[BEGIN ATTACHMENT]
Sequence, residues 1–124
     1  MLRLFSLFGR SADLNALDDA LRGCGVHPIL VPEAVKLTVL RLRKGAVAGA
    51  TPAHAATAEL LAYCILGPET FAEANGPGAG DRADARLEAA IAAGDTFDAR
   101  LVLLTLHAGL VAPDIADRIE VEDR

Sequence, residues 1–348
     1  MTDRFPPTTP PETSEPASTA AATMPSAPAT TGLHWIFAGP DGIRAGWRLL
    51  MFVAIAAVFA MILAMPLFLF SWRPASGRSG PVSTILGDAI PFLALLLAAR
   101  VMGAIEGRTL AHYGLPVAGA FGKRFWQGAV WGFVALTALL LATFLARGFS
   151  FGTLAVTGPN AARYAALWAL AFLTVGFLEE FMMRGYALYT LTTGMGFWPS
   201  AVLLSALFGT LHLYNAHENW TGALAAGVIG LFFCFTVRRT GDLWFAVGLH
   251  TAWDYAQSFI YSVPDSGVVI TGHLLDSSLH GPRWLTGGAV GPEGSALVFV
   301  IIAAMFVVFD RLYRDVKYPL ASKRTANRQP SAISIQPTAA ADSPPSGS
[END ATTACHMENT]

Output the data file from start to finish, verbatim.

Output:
Sequence, residues 1–124
     1  MLRLFSLFGR SADLNALDDA LRGCGVHPIL VPEAVKLTVL RLRKGAVAGA
    51  TPAHAATAEL LAYCILGPET FAEANGPGAG DRADARLEAA IAAGDTFDAR
   101  LVLLTLHAGL VAPDIADRIE VEDR

Sequence, residues 1–348
     1  MTDRFPPTTP PETSEPASTA AATMPSAPAT TGLHWIFAGP DGIRAGWRLL
    51  MFVAIAAVFA MILAMPLFLF SWRPASGRSG PVSTILGDAI PFLALLLAAR
   101  VMGAIEGRTL AHYGLPVAGA FGKRFWQGAV WGFVALTALL LATFLARGFS
   151  FGTLAVTGPN AARYAALWAL AFLTVGFLEE FMMRGYALYT LTTGMGFWPS
   201  AVLLSALFGT LHLYNAHENW TGALAAGVIG LFFCFTVRRT GDLWFAVGLH
   251  TAWDYAQSFI YSVPDSGVVI TGHLLDSSLH GPRWLTGGAV GPEGSALVFV
   301  IIAAMFVVFD RLYRDVKYPL ASKRTANRQP SAISIQPTAA ADSPPSGS